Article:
You're going to experience one of the most fascinating natural weather phenomenons, and unlike tornadoes or earthquakes, you have the luxury of knowing it's coming. So be prepared.
1) Storm Surge. Anywhere near a river or the ocean? Where would the water be if it was 11 feet taller? If you answered "in my living room", plan on riding it out somewhere else. All that 110 mph sustained wind (constant, non-stop, not a gust) pushes all that ocean towards shore. It doesn't come in like a tsunami..it's a gradual thing. And for a Cat 2 storm, that can be 11 feet of water. Remember... New Orleans wasn't sacked by wind. It was destroyed by flooding from storm surges and rain overtaking 15 foot high levys.
2) "Cover your windows with X's of duct tape." MYTH: False. Putting "X's" in duct tape on your windows does nothing except leave "X's" of residue when you pull it off. It doesn't prevent shattering. The wind doesn't break your windows, flying debris does. And no amount of duct tape is going to prevent your neighbors lawnchair from being blown thru the glass.
3)"Cracking a window prevents your roof from blowing off because of equalizing pressure." MYTH: False. Opening a window not only allows wind, rain, debris to come flying into your house to plaster your walls, it actually makes it more likely the 110 mph wind with push up your roof from the inside.Bottom line: Cover ALL windows with plywood if you can. If you can't.
4)Find an interior room on the ground floor without windows to ride out the storm. If the windows go, you'll at least have a place to hunker down. Prepare it with pillows, blankets, food, etc.
5)Prepare ALL your insurance documents and other important paperwork like birth certificates, marriage certificates, etc in ziplocks. You'll need this stuff for sure later, and trying to get an ins. payment without a copy of your policy or identification can add weeks or months to the process.
6)Prepare outside of your home NOW by bringing in plants, furniture, grills, tools, birdhouses and birdbaths.. at 110 mph, those things all become ballistic projectiles...perfect for smashing thru your neighbor's, or your windows.Power could be out for WEEKS.
7) Fill up your car with gas.Get out cash from an ATM. Stock up on supplies. When the power is out, gas pumps wont work. ATMs wont work. Supermarket freezers won't work. Get that stuff now. It could be weeks before power is restored.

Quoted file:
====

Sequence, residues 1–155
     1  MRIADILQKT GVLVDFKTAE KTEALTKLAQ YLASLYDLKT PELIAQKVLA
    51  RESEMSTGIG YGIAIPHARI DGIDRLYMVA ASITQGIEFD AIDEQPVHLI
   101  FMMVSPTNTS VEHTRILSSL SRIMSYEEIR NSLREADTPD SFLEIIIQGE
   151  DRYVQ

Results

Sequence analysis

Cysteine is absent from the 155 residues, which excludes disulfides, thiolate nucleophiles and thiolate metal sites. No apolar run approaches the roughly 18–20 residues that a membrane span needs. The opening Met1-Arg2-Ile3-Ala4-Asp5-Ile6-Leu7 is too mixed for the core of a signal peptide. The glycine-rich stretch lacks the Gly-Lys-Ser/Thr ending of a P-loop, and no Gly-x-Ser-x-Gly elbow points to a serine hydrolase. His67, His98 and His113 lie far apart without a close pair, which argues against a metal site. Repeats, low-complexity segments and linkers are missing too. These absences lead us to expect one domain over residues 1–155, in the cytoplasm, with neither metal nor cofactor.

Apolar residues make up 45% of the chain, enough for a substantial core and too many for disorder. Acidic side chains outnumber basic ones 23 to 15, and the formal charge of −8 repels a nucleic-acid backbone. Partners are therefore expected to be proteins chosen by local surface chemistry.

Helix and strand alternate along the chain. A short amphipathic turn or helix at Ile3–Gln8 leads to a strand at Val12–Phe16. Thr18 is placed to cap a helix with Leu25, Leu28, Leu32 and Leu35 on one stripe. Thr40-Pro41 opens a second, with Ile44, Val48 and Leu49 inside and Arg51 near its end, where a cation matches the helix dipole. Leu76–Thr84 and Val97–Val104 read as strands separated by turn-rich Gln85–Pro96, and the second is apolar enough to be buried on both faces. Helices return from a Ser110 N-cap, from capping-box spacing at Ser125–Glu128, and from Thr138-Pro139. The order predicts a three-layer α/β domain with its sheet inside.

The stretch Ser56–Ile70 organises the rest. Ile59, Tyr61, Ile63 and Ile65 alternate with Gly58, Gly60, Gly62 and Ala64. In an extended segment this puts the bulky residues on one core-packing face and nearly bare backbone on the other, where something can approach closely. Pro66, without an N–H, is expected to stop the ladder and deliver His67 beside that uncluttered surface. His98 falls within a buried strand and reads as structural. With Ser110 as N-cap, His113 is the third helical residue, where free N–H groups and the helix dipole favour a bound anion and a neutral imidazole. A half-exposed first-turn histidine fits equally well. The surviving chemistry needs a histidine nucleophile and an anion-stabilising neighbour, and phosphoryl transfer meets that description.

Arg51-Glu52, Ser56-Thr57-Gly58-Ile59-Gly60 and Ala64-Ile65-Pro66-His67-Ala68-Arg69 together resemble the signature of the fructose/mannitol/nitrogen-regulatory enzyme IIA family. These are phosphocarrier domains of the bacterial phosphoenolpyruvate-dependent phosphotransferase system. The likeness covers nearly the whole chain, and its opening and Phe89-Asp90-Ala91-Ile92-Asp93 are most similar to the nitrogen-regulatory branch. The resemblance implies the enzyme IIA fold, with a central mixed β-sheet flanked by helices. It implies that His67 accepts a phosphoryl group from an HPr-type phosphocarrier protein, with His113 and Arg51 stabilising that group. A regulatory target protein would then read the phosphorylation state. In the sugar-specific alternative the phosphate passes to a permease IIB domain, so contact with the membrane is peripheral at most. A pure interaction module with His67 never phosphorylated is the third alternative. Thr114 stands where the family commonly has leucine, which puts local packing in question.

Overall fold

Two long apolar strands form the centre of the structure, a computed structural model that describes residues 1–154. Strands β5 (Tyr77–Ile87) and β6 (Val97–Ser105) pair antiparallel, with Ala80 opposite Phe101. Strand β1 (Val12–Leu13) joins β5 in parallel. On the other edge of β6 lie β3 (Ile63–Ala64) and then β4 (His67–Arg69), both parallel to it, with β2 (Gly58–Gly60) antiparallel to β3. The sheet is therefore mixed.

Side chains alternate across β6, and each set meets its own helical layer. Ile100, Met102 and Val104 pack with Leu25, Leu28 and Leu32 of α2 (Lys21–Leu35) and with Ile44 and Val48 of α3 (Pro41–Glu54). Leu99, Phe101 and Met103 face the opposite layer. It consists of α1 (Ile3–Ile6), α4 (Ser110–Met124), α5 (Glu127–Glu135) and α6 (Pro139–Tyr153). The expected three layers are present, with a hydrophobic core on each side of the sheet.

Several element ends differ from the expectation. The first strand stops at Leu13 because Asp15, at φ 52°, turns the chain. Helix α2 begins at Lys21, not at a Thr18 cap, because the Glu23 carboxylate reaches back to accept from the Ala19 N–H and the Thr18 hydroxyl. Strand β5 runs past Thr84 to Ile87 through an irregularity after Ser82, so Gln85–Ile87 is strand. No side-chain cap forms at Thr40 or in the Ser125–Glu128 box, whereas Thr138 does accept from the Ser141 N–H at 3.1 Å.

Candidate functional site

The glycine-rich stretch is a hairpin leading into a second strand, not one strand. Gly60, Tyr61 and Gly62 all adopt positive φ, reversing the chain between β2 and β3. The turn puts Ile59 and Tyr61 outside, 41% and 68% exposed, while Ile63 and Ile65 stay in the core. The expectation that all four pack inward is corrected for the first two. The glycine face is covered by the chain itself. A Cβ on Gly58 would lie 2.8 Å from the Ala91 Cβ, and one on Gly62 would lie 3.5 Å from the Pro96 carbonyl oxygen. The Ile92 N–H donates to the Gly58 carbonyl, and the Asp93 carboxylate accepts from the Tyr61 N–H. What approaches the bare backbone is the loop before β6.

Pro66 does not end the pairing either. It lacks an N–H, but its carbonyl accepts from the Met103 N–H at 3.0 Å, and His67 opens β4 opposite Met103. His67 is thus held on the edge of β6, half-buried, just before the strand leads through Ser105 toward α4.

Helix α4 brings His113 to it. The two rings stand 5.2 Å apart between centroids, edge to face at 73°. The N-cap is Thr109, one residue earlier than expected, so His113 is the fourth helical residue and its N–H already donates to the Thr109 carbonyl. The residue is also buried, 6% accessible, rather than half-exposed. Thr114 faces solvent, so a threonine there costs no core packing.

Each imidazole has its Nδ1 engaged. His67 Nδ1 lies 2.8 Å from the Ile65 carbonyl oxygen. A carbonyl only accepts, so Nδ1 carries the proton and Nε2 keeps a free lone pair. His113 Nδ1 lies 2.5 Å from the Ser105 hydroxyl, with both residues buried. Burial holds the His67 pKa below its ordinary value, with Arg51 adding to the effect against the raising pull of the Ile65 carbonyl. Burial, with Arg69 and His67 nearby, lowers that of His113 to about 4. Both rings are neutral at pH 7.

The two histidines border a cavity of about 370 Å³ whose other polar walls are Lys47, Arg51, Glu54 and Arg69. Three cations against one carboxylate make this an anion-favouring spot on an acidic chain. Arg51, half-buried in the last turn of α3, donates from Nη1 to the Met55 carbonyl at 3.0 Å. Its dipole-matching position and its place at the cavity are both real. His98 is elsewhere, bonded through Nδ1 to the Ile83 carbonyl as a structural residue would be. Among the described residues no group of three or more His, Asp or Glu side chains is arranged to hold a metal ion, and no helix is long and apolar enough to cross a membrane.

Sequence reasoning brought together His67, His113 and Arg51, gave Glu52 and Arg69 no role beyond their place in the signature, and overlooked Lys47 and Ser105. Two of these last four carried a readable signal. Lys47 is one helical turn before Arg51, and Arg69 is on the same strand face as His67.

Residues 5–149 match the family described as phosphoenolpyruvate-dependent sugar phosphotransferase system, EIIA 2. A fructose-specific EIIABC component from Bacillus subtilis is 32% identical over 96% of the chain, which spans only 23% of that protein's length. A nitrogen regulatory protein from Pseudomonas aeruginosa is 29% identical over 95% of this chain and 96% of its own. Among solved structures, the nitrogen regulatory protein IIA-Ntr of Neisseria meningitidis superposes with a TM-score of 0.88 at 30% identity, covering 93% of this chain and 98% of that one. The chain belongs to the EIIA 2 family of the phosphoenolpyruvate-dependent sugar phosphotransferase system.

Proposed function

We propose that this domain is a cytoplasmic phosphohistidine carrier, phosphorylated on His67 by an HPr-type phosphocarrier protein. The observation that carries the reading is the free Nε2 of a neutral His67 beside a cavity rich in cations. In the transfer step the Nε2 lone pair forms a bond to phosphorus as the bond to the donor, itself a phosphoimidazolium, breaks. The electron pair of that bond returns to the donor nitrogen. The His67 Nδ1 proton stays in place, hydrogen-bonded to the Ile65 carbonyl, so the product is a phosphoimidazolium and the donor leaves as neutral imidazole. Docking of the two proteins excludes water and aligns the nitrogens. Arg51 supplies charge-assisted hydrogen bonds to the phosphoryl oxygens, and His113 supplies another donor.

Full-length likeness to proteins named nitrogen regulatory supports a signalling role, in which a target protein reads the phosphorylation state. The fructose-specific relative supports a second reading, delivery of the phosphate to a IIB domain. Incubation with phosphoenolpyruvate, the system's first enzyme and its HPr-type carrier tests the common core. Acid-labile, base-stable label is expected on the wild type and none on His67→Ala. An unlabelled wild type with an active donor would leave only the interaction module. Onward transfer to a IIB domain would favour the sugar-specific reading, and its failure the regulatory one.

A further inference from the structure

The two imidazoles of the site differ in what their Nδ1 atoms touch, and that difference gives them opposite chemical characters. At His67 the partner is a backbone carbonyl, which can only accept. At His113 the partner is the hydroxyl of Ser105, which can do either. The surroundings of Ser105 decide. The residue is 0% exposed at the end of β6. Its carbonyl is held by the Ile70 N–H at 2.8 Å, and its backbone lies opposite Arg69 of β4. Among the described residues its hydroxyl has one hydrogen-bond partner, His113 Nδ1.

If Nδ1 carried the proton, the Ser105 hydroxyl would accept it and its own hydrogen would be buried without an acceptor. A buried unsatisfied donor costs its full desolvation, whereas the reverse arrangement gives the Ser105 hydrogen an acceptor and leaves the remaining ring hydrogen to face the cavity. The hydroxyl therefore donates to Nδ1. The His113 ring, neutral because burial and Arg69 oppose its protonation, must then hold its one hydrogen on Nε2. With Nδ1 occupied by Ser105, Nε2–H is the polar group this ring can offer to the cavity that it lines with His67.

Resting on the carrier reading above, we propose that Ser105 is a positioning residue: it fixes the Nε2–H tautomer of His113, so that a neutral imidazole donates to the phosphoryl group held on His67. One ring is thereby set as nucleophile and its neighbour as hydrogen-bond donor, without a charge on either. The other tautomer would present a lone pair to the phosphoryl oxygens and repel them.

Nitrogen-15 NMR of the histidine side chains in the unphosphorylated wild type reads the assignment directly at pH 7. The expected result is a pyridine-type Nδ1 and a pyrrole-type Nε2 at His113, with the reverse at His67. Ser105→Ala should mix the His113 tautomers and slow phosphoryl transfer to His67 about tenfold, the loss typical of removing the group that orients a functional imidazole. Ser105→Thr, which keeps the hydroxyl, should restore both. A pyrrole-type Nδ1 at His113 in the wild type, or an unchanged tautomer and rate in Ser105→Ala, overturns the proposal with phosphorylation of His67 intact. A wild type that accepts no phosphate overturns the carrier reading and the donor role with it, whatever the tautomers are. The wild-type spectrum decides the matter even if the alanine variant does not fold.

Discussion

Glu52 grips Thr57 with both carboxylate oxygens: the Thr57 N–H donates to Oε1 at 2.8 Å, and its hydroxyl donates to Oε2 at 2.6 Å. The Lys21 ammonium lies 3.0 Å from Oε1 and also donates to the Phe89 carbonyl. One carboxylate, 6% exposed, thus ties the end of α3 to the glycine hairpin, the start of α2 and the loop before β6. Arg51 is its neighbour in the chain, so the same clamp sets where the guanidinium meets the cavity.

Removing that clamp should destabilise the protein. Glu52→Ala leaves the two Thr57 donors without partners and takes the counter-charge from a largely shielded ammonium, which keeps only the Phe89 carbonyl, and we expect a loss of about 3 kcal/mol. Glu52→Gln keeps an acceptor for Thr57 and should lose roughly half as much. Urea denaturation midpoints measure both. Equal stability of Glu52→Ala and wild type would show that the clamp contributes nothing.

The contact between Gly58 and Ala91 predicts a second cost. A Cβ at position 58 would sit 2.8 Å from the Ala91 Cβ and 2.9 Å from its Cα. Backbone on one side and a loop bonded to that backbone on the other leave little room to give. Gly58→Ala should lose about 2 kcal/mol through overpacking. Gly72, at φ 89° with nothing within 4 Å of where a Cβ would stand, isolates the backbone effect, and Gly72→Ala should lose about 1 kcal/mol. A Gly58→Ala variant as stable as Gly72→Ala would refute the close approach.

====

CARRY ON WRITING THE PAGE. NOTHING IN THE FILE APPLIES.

8) If you don't have a pool, fill up bathtubs with water. No, it's not to weigh down your house. If there's no power, the water company may not have power to pump water. You'll need this water for flushing toilets, making coffee, washing. Speaking of water, FEMA also recommends stocking up ahead of time. Water: one gallon per person, per day (3-day supply for evacuation, 2-week supply for home).
9) Get batteries. And a battery powered radio or a hand-cranked NOAA radio. It may be the only connection to news and information for weeks until power is restored.
10) Get a propane grill and gas to last for days. You're going to be reduced to camping status. That means if you want coffee, you'll need to boil the water on a grill, and pour it over the grounds in your coffee pot. If you want hot food, the grill may be your only salvation.
Hope this helps. Stay safe.
Photo: Getty Images
Once again, your quick Hurricane Kit hit-list:
- Water: one gallon per person, per day (3-day supply for evacuation, 2-week supply for home).
- Food: non-perishable, easy-to-prepare items (3-day supply for evacuation, 2-week supply for home).
- Battery-powered or hand-crank radio (NOAA Weather Radio, if possible).
- Extra batteries.
- First aid kit.
- Medications (7-day supply) and medical items.
- Multi-purpose tool, like a Swiss Army knife.
- Sanitation and personal hygiene items.
- Copies of personal documents (medication list and pertinent medical information, proof of address, deed/lease to home, passports, birth certificates, insurance policies).
- Cell phone with charger. (Automobile cell phone charger also handy if power out for days).
- Family and emergency contact information.
- Extra cash (ATMs might be inoperable).
- Extra fuel for generator and car.
- Mosquito repellent.
Additional supplies might include towels, plastic sheeting, duct tape, scissors and work gloves.